$36 Trillion Push For Clean Energy Investment
Oh, the irony. With the devastating coal-related West Virginia chemical spill barely a week behind us, hundreds of leading investment and financial executives gathered at the United Nations for the Investor Summit on Climate Risk on January 15, to focus on the opposite of that: a $36 trillion effort called the Clean Trillion Campaign, to transition the global economy out of fossil fuel dependency and onto a more safe and sustainable path.
The Clean Trillion Campaign is the brainchild of Ceres, the not-for-profit sustainable investor organization which also hosted the Investor Summit on Climate Risk. CleanTechnica was invited to come along so here are some of our takeaways, through the lense of the West Virginia episode.
Adapting Business To Address Climate Change
New York State Comptroller Thomas DiNapoli, who spoke at the event, singled out the US coal industry’s current woes to illustrate how business strategies that are “based on trying to preserve the status quo” are heading into deep trouble, and he urged the fossil fuel industry to “be proactive and adapt.”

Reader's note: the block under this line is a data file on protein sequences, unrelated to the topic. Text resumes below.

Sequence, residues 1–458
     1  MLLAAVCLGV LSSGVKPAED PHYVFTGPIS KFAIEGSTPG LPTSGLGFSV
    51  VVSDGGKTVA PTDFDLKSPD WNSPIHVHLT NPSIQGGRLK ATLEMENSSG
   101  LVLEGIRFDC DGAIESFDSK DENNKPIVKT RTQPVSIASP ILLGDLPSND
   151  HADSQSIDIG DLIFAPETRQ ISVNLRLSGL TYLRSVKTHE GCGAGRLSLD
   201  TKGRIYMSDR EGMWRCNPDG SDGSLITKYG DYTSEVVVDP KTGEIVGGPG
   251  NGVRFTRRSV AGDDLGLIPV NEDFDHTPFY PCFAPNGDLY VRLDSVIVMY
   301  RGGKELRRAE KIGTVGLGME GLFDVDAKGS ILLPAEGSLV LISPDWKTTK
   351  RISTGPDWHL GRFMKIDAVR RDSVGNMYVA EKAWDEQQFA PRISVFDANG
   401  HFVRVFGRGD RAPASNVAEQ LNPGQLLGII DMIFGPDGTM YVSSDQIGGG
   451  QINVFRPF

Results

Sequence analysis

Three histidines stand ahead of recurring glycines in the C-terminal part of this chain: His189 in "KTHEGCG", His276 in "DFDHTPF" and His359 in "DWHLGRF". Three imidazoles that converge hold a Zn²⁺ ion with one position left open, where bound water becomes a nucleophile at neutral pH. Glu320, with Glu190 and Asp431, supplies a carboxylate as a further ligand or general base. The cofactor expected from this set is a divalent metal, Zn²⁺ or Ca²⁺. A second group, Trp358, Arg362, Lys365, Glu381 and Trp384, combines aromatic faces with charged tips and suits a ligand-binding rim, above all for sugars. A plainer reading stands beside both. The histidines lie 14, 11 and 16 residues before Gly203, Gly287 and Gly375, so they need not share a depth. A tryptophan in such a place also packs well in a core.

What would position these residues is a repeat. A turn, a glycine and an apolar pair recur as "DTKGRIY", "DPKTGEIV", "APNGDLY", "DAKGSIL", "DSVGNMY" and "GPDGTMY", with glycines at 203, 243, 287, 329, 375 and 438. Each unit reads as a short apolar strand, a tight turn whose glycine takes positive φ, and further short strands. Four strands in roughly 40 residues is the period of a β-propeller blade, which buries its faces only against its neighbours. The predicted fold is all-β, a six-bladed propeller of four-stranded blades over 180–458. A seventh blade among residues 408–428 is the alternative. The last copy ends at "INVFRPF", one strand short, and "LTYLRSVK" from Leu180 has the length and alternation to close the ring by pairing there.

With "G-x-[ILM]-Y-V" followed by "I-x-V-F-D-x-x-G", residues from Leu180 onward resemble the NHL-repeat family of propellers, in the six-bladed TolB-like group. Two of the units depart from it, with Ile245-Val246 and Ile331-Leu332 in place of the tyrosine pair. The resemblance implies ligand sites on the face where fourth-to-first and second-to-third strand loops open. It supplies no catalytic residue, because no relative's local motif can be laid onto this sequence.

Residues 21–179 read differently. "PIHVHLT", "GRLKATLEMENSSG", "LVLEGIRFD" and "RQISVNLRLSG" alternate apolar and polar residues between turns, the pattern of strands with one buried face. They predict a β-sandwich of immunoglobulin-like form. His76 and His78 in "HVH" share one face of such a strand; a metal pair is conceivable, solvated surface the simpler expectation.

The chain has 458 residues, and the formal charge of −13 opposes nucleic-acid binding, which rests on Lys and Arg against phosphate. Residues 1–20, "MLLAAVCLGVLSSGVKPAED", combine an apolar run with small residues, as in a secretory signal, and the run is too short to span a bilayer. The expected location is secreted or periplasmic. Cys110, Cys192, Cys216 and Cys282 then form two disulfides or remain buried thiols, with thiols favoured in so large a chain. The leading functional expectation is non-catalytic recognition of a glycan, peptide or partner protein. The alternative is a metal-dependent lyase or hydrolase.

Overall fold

Those are lessons apparently yet to be learned both by the company responsible for the spill, Freedom Industries, and the private water supplier affected by the spill, West Virginia American.
To recap the West Virginia spill briefly, last week the chemical Crude MCHM, a foaming agent used to wash coal and other minerals, entered the West Virginia American’s intakes on the Elk River, making its way into homes, businesses, and everything else with plumbing across a nine-county area with 300,000 residents.
The economic damage is still being toted up, but in the meantime it’s clear that long running gaps in federal oversight combined with weak state regulations to form a perfect platform for the Keystone Cops-esque response of the two companies involved, both of which fell far short in the categories of emergency prevention, preparedness, response, and communications (tip: follow Charleston Gazette reporter Ken Ward, Jr. for updates at @Kenwardjr).
Investor Summit On Climate Risk
If the West Virginia debacle represents the status quo, the question is how to get the ball rolling in the other direction. From the investor perspective, that means there has to be a clear path and a level playing field for clean energy investments, which of course translates into legislative action.
Given the political obstacles to hurdle, this is where the Ceres summit could make a real difference.
Former Treasury Secretary Robert Rubin and investor/activist Tom Steyer kicked things off by urging the attendees to think and act like they are the agents of change. Simply put, they asked investors to start talking about climate change to everyone with whom they come into contact, including their elected representatives.
Rubin noted that although more people understand the facts about climate change, they haven’t internalized that information to the point where it translates into action, namely, into political pressure.